SAE’s narrowbody work scope includes airframe heavy maintenance up to 12-year C checks, pilot seat repair, passenger seat refurbishment, aircraft lease-return work, nondestructive testing, composite repair and structural repair. It is an Airbus-approved radome repair facility for all Airbus types in the region. The company is considering going into component repair using its existing hangar facilities, To says.

KLIA is a beneficial location for an MRO base, says To. In addition to its favorable geographical position, it has a broad range of international flights and good cargo handling infrastructure. The airport has three runways and no curfew.

SAE’s work intake has been healthy in 2019, and it is anticipated to remain strong for the next few years, To says. However, it still has capacity for new customers.

Meanwhile, AirAsia is assessing whether to set up a heavy maintenance operation to accommodate its fleet growth plans, and if so, where such a facility would be located. It is seriously considering basing it in Malaysia or Thailand.

While the LCC is yet to make a decision, it does wants to handle some of its own base maintenance needs in the future, says Nantha Kumar, AirAsia’s head of group aircraft engineering.

AirAsia currently outsources all of its heavy maintenance to a range of providers such as SAE. Kumar stresses that AirAsia will continue to work with these providers, as the carrier will have an increasing MRO requirement that can be addressed with both insourced and outsourced work. It is still too early to say how the additional work would be divided between existing suppliers and AirAsia, says Kumar. SAE’s To notes that this development has been announced only recently, and the company will review its implications.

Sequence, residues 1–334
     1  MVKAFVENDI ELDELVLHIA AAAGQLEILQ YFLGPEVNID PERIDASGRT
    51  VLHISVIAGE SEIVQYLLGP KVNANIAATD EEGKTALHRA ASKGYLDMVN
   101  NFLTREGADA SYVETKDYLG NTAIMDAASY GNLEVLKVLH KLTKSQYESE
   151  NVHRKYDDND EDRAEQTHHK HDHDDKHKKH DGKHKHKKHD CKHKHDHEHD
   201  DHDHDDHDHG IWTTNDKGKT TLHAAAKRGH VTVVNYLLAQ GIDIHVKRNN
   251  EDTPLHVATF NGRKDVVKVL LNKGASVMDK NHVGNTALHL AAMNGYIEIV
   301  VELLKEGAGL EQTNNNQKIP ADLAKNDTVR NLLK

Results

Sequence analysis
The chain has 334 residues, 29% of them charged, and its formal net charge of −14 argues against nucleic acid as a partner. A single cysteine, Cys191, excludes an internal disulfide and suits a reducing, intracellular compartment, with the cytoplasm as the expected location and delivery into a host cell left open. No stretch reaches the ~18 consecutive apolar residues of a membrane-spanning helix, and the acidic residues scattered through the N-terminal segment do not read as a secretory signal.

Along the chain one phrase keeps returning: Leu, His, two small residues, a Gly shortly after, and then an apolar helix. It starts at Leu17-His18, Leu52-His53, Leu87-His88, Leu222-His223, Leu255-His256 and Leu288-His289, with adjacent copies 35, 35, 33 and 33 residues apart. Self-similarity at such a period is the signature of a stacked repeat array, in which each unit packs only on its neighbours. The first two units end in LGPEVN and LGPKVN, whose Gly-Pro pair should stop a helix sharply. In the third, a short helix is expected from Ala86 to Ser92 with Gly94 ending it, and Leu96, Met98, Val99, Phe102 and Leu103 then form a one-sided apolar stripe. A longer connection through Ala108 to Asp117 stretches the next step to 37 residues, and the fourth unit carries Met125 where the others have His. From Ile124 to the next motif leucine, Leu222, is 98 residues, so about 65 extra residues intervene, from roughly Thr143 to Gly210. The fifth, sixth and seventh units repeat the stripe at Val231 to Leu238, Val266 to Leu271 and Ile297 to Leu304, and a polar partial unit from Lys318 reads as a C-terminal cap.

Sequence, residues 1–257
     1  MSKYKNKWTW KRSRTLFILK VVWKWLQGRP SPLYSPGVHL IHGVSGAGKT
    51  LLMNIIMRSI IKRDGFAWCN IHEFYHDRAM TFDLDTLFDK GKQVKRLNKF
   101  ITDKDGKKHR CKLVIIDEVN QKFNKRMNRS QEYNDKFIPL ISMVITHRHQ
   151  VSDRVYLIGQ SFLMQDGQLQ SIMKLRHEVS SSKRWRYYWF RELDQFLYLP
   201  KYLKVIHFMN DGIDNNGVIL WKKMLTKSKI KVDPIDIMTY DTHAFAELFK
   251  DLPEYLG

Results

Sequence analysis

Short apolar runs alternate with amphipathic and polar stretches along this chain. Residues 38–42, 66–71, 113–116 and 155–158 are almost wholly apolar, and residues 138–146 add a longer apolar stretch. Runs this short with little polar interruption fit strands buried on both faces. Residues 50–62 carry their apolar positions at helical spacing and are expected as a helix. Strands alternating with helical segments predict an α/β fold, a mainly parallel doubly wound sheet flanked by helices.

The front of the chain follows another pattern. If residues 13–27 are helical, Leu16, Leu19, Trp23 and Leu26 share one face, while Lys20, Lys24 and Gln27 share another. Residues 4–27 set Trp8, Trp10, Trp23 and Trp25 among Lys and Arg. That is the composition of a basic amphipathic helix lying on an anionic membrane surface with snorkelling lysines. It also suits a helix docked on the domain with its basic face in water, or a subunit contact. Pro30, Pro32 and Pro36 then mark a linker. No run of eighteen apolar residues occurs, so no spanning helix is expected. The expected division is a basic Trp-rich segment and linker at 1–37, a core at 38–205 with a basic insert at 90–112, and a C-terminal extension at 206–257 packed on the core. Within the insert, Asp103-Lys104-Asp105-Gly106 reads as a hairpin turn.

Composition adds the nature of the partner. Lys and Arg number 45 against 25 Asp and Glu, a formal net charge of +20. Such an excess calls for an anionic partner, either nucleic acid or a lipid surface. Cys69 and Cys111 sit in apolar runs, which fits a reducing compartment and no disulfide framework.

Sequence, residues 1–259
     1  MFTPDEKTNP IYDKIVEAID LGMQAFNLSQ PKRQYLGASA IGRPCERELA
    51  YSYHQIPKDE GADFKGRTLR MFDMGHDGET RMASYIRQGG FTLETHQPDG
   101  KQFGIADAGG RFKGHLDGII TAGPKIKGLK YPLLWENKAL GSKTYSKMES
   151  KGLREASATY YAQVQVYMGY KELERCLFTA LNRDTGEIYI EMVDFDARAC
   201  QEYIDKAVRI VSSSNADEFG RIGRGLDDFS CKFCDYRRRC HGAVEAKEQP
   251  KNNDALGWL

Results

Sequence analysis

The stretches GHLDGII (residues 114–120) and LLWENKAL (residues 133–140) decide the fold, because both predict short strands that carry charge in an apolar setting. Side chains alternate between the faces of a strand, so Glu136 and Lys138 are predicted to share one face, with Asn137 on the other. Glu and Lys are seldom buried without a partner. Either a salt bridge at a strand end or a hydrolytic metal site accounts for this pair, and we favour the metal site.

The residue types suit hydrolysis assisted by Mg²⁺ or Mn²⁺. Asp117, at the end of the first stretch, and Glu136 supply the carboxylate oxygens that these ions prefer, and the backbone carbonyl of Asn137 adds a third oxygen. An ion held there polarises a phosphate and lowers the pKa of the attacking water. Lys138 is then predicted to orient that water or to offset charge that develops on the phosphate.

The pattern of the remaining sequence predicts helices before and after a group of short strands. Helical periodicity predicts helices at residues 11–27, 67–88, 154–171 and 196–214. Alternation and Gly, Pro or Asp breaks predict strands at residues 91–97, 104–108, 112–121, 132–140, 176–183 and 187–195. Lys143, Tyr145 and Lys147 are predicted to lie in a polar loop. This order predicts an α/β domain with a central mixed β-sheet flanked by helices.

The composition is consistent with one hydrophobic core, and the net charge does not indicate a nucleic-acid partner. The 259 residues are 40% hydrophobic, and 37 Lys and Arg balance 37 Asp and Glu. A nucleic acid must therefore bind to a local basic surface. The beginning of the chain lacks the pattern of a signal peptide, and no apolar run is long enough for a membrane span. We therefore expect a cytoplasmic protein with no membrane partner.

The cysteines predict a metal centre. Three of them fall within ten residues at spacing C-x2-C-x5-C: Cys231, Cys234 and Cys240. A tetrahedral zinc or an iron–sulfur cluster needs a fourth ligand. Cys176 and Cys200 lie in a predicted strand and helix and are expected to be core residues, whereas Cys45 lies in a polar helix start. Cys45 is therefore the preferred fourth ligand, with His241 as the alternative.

There is no specific time line for AirAsia deciding about the heavy maintenance facility, although the group’s senior leadership envisages beginning operations within two years of making a decision, Kumar says. AirAsia will review whether “it makes business sense for us to invest” in an MRO facility.

Any such operation would handle work for AirAsia and its various overseas affiliates as well as widebody operator AirAsia X. The scope would potentially include airframe work up to C checks, wheels and brakes and composite repair, but not engine work or components. While AirAsia would primarily focus on its own fleet, there may be opportunities for third-party work in the long term, says Kumar.

The new facility would likely start with one hangar and at least two or three lines, Kumar says. The carrier would consider establishing a partnership or joint venture with an existing MRO provider.

AirAsia is interested in becoming one of the MRO providers in a new aerospace development in U-Tapao, Thailand, and group CEO Tony Fernandes last year said AirAsia wanted to open a facility there. However, there is still much uncertainty about how the Thai government selection process will work and what incentives may be offered.

This will be one of the factors in determining the timing of AirAsia’s decision about whether to proceed with heavy maintenance and where it will be located, Kumar says. Once more details about U-Tapao are known, AirAsia can conduct a review and determine if the business case makes sense.

If the carrier decides to establish an MRO base in Malaysia instead, it would be located either in Kuala Lumpur or in another part of the country. AirAsia’s main hub is at KLIA, and its major MRO provider SAE is also based there. However, various Malaysian state governments have been engaging with AirAsia to try to secure the MRO facility for their airports.